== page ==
In this paper, I attempted to explore the historical and geographical specificity of the space represented in Kim Si-seup’s novel Playing Jeopo at Manboksa Temple. The spatial setting of this novel is Namwon-si, Jeollabuk-do. Kim Si-seup actually traveled to Honam in 1462 when he was 28 years old and reflected his experience of exploring the Namwon area, including Manboksa Temple, in the creation of the novel space. Therefore, the place names mentioned in this novel serve as an important clue to the historical and geographical approach as actual places in Namwon town. The work of specifically defining the novel’s space in this way is expected to help understand the meaning of the novel’s narrative and the author’s creative consciousness.
Places worth mentioning in connection with the narrative of this novel include Manboksa Temple, Jiri Mountain, Gaeryeong-dong, and Boryeonsa Temple. Manboksa Temple maintains its sense of place through Manboksa Temple Site in Wangjeong-dong, Namwon-si, Jeollabuk-do. What is noteworthy about Manboksa Temple’s location is that it is located near a densely populated area of private houses near Namwon Eupseong Fortress and has existed as a temple for a long time, granting the wishes of the people of the town. And Jiri Mountain is the last place where the novel’s male protagonist, Yangsaeng, was seen, and is closely connected to the ending of the novel. Yangsaeng goes missing after saying he was going to Mt. Jiri to dig up medicinal herbs. From this ending, we can read his desire to protect his one and only love. Meanwhile, the fact that the ridge of Jiri Mountain can be seen in the distance from the grounds of Manboksa Temple implies that the starting point of this novel also encompasses the space that hints at its lonely ending.
Boryeonsa Temple is a temple located at the foot of Boryeon Mountain, and its location is presumed to be Bangchon-ri, Geumji-myeon, Namwon-si, Jeollabuk-do. This place contains the climactic moment of the novel when Yangsaeng, who was immersed in love with the heroine despite her many suspicious circumstances, was ultimately forced to accept that the heroine did not belong to the human world.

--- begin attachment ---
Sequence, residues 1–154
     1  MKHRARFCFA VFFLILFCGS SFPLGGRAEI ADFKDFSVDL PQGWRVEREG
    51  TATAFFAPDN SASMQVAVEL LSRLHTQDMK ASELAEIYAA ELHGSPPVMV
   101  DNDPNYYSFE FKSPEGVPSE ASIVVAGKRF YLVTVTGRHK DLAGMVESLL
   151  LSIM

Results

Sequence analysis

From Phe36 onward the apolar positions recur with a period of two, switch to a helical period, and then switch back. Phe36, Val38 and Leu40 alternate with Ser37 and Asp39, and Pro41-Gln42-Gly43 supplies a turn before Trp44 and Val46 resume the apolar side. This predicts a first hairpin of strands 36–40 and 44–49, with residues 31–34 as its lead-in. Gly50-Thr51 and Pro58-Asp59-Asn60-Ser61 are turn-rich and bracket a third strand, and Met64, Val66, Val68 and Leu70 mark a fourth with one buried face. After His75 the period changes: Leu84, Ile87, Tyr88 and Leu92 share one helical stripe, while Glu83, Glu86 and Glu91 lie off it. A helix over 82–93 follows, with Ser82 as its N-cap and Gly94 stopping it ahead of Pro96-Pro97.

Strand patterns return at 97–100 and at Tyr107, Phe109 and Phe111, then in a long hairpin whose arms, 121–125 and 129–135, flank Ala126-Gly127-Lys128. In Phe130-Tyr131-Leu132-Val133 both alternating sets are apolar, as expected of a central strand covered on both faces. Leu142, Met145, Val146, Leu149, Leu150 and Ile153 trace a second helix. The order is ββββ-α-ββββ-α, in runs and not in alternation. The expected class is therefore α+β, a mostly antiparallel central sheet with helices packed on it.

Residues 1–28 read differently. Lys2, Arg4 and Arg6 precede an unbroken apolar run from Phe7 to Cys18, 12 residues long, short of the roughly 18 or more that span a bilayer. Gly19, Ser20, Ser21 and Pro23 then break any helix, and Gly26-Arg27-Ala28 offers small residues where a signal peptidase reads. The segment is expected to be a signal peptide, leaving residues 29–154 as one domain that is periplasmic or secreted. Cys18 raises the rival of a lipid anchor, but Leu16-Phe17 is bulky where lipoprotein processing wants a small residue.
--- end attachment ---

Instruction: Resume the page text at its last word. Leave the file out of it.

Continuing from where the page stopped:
Gaeryeong-dong is a space where the anonymous heroine mainly belongs, and Yangsaeng came to fully trust and love the woman during the three days he spent there. This is also the temporary burial place of the female protagonist who was sacrificed during the Japanese invasion of Namwon in 1379 or 1380. I was the first to raise the inference that this Gaeryeong-dong is the valley below Gaeryeongamji in Deokdong-ri, Sannae-myeon, Namwon-si, Jeollabuk-do. Gaeryeongam was a temple near Jeongnyeongchi on Jiri Mountain, located on the road from Namwon, Jeolla Province, to Hamyang, Gyeongsang Province. The temple, built during the Goryeo Dynasty, no longer exists, leaving behind only a few traces. Kim Si-seup passed through this place in 1462 on his way from Namwon to Gyeongju via Hamyang.
What is noteworthy about the location of Gaeryeong-dong is that it is located within the area of Jiri Mountain. This helps us understand the movements of the ending, where Yangsaeng enters Jiri Mountain and goes missing. For Yangsaeng, Gaeryeong-dong was a place engraved in his heart as it was the place where he spent the longest time with the heroine. When Yangsaeng, who valued one love more than Buddhist liberation, went to Gaeryeong-dong to check for traces of the woman, he had already entered Jiri Mountain. When he disappeared into Jiri Mountain, he had only gone a little deeper from where he originally was. Gaeryeong-dong, located at the starting point of Jiri Mountain, becomes an important coordinate in the movement of Yangsaeng who disappeared without having lost his one and only love.